that individual location characteristics affect tide forecasting;
actual high water time and height may differ from model predictions
due to the coastal morphology's effects on tidal flow. However, for a
given location the relationship between lunar altitude and the time of
high or low tide (the lunitidal interval) is relatively constant and
predictable, as is the time of high or low tide relative to other
points on the same coast. For example, the high tide at Norfolk,
Virginia, U.S., predictably occurs approximately two and a half hours
before the
Brouscon's Almanach of 1546: Compass bearings of high waters in the
Brouscon's Almanach of 1546: Tidal diagrams "according to the age of the moon". From ancient times, tidal observation and discussion has increased in
sophistication, first marking the daily recurrence, then tides'
relationship to the sun and moon.
The same tidal forcing has different results depending on many factors, including coast orientation, continental shelf margin, water body dimensions. The tidal forces due to the
A regular water level chart Isaac Newton's theory of gravitation first enabled an explanation of why there were generally two tides a day, not one, and offered hope for a detailed understanding of tidal forces and behavior. Although it may seem that tides could be predicted via a sufficiently detailed knowledge of instantaneous astronomical forcings, the actual tide at a given location is determined by astronomical forces accumulated over many days. In addition, precise results require detailed knowledge of the shape of all the ocean basins—their bathymetry, and coastline shape. Current procedure for analysing tides follows the method of harmonic analysis introduced in the 1860s by William Thomson. It is based on the principle that the astronomical theories of the motions of sun and moon determine a large number of component frequencies, and at each frequency there is a component of force tending to produce tidal motion, but that at each place of interest on the Earth, the tides respond at each frequency with an amplitude and phase peculiar to that locality. At each place of interest, the tide heights are therefore measured for a period of time sufficiently long (usually more than a year in the case of a new port not previously studied) to enable the response at each significant tide-generating frequency to be distinguished by analysis, and to extract the tidal constants for a sufficient number of the strongest known components of the astronomical tidal forces to enable practical tide prediction. The tide heights are expected to follow the tidal force, with a constant amplitude and phase delay for each component. Because astronomical frequencies and phases can be calculated with certainty, the tide height at other times can then be predicted once the response to the harmonic components of the astronomical tide-generating forces has been found. The main patterns in the tides are the twice-daily variation the difference between the first and second tide of a day the spring–neap cycle the annual variation The Highest Astronomical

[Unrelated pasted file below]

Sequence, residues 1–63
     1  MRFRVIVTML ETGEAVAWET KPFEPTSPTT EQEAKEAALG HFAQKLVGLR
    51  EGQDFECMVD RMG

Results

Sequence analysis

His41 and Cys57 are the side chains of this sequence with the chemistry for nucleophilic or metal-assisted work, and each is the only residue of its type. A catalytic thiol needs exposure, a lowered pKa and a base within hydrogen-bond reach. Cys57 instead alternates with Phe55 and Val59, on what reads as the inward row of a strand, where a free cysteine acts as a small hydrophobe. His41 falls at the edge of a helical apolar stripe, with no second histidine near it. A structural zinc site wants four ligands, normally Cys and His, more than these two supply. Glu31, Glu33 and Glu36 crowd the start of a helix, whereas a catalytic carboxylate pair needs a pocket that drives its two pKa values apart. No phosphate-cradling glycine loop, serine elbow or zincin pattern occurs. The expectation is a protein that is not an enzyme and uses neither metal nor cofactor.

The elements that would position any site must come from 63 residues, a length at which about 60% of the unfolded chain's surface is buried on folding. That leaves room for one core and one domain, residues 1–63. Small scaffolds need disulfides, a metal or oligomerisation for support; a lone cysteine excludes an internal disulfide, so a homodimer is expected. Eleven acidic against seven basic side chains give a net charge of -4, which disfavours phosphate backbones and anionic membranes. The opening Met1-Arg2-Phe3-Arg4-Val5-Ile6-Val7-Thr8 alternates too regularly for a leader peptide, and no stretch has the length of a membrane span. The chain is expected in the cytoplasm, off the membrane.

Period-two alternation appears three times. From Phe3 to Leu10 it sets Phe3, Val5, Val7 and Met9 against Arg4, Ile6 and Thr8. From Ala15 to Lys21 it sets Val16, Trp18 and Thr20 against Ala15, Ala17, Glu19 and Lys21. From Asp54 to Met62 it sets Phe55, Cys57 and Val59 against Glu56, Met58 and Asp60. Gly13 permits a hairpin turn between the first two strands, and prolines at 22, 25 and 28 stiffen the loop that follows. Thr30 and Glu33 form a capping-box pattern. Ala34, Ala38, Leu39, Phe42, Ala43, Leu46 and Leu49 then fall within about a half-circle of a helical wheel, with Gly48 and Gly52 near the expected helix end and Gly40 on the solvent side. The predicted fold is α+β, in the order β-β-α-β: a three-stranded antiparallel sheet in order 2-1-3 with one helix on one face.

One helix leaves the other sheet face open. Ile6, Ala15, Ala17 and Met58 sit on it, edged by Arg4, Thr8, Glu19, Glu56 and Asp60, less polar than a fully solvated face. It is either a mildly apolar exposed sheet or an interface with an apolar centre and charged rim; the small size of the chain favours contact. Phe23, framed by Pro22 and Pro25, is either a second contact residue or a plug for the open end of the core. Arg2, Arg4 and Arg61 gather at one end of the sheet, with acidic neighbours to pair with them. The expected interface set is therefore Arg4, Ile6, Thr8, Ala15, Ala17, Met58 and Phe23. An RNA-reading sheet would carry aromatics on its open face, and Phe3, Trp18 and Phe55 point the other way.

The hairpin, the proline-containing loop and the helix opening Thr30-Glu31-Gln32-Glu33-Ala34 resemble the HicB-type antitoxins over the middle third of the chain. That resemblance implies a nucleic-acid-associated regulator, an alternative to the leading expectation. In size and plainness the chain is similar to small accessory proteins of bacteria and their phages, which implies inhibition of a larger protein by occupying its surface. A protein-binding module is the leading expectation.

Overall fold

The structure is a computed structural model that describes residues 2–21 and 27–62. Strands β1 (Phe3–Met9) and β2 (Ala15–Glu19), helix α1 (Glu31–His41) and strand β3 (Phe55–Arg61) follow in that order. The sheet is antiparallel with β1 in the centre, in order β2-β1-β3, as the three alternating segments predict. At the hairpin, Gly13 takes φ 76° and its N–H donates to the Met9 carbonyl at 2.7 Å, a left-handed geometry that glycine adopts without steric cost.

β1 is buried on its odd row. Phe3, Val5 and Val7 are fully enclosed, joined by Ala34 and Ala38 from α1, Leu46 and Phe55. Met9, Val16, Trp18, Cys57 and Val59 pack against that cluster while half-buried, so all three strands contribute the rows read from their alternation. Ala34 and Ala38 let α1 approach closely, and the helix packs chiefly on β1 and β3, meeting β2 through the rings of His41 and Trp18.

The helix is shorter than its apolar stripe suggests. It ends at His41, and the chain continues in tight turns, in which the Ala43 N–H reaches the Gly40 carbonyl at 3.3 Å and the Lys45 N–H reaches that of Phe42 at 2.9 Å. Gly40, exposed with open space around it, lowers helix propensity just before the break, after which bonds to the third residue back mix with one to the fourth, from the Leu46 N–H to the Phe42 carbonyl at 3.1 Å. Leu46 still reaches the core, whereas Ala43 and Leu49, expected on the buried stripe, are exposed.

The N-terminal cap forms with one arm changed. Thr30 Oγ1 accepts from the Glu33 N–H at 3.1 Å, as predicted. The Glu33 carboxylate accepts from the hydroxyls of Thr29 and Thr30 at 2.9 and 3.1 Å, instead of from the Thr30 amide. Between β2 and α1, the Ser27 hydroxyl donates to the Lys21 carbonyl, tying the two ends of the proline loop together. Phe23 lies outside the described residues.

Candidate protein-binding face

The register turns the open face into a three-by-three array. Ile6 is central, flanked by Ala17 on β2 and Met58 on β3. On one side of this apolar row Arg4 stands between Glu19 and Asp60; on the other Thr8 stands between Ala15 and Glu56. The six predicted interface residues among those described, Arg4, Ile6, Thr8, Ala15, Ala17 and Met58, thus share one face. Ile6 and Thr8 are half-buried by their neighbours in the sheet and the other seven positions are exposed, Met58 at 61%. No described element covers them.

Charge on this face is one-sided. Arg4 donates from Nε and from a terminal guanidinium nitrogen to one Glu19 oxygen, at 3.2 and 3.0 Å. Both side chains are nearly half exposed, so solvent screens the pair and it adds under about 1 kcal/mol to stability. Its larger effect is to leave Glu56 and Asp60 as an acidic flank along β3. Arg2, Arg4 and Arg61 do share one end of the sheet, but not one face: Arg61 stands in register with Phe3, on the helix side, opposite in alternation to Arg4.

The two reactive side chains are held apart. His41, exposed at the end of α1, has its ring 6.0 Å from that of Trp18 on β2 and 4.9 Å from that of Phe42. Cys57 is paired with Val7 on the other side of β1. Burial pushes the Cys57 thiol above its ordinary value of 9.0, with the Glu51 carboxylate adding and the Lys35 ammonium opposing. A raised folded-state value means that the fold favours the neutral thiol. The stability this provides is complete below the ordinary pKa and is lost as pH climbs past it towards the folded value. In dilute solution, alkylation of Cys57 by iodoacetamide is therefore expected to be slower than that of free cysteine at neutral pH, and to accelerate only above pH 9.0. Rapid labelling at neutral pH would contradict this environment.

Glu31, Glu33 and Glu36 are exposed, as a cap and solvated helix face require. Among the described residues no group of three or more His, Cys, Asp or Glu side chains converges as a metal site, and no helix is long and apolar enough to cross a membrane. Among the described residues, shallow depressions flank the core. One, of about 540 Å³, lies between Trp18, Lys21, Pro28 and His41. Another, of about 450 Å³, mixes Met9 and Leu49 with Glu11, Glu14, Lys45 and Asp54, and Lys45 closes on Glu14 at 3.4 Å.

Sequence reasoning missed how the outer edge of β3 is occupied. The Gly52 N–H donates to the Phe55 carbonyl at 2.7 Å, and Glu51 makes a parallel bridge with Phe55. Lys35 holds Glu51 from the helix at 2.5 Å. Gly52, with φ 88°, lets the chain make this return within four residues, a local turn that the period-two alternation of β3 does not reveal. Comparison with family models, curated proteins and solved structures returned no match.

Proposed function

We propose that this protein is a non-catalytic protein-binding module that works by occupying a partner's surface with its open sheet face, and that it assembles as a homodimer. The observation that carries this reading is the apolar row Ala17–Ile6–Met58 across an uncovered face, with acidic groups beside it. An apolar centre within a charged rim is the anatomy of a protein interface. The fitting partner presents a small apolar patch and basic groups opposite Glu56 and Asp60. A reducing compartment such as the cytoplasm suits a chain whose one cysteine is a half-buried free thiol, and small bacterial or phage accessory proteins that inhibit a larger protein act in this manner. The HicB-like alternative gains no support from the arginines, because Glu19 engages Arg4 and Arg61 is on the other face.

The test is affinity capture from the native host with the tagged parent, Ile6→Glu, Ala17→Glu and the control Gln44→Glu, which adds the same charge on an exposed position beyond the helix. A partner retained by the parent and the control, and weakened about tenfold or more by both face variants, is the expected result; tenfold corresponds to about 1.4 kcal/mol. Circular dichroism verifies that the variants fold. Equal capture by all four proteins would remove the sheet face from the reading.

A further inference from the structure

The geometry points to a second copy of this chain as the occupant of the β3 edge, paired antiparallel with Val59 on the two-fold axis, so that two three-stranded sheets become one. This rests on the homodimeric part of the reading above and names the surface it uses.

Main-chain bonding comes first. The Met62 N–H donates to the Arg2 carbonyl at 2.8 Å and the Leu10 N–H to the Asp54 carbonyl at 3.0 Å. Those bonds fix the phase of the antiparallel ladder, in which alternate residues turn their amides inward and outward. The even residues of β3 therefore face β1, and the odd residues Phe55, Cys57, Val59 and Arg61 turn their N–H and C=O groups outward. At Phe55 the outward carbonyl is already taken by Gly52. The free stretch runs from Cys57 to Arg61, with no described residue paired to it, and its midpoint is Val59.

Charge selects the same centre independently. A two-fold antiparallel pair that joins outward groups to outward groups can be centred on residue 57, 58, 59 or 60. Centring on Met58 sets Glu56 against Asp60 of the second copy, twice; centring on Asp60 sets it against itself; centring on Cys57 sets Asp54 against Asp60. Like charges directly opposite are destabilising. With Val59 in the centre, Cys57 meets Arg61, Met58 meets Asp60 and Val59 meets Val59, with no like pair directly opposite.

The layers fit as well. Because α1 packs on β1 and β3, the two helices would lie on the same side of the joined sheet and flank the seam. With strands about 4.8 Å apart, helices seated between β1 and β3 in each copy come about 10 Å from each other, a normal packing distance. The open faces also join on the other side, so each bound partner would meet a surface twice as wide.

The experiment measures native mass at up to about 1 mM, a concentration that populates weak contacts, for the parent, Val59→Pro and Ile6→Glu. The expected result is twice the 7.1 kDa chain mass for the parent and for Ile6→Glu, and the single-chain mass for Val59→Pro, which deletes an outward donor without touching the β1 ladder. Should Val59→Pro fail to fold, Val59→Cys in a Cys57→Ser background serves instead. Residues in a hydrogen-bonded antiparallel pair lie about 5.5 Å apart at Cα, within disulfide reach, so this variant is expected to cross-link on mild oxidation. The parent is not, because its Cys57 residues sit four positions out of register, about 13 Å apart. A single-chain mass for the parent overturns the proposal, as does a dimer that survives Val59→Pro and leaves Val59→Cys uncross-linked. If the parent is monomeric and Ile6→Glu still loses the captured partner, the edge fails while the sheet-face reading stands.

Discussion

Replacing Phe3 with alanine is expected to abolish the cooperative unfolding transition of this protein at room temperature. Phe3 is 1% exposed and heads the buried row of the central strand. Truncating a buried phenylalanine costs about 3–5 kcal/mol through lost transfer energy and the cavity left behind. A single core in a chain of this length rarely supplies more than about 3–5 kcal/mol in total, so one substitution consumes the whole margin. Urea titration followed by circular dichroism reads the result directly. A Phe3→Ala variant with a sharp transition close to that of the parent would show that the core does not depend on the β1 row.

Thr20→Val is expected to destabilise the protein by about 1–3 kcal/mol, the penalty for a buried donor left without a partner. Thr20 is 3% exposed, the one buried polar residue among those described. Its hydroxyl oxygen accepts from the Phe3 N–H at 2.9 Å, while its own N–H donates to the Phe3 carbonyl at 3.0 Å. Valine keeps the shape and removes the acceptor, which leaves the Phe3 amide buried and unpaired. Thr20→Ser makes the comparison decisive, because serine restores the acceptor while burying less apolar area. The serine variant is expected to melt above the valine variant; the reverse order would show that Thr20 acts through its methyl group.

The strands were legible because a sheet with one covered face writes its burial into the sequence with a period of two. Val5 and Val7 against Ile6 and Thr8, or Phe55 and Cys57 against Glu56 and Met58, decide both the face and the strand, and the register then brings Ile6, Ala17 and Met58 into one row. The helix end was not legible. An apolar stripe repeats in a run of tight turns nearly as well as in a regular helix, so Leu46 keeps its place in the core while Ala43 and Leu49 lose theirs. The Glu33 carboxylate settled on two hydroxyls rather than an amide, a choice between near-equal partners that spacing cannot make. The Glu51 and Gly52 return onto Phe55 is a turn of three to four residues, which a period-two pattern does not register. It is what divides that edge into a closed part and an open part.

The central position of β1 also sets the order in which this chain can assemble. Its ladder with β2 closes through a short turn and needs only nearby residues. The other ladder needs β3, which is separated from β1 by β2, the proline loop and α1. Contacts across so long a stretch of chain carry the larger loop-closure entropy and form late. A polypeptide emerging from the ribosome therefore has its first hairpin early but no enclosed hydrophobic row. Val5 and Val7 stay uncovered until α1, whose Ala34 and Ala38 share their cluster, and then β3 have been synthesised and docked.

A cos ( ω t + p ) displaystyle Acos ,(omega t+p) where A is the amplitude, ω is the angular frequency usually given in degrees per hour corresponding to t measured in hours, and p is the phase offset with regard to the astronomical state at time t = 0 . There is one term for the moon and a second term for the sun. The phase p of the first harmonic for the moon term is called the lunitidal interval or high water interval. The next step is to accommodate the harmonic terms due to the elliptical shape of the orbits. Accordingly, the value of A is not a constant but also varying with time, slightly, about some average figure. Replace it then by A(t) where A is another sinusoid, similar to the cycles and epicycles of Ptolemaic theory. Accordingly, A ( t ) = A ( 1 + A a cos ( ω a t + p a ) ) displaystyle A(t)=A bigl ( 1+A_ a cos ,(omega _ a t+p_ a ) bigr ) which is to say an average value A with a sinusoidal variation about it of magnitude Aa, with frequency ωa and phase pa. Thus the simple term is now the product of two cosine factors: A [ 1 + A a cos ( ω a t + p a ) ] cos ( ω t + p ) displaystyle A bigl [ 1+A_ a cos ,(omega _ a t+p_ a ) bigr ] cos ,(omega t+p) Given that for any x and y cos x cos y = 1 2 cos ( x + y ) + 1 2 cos ( x − y ) displaystyle cos xcos y= textstyle frac 1 2 cos ,(x+y)+ textstyle frac 1 2 cos ,(x-y) it is clear that a compound term involving the product of two cosine terms each with their own frequency is the same as three simple cosine terms that are to be added at the original frequency and also at frequencies which are the sum and difference of the two frequencies of the product term. (Three, not two terms, since the whole expression is ( 1 + cos x ) cos y displaystyle (1+cos x)cos y .) Consider further that the tidal force on a location depends also on whether the moon (or the sun) is above or below the plane of the equator, and that these attributes have their own periods also incommensurable with a day and a month, and it is clear that many combinations result. With a careful choice of the basic astronomical frequencies, the Doodson Number annotates the particular additions and differences to form the frequency of each simple cosine term. Tidal prediction summing constituent parts. Remember that astronomical tides do not include weather effects. Also,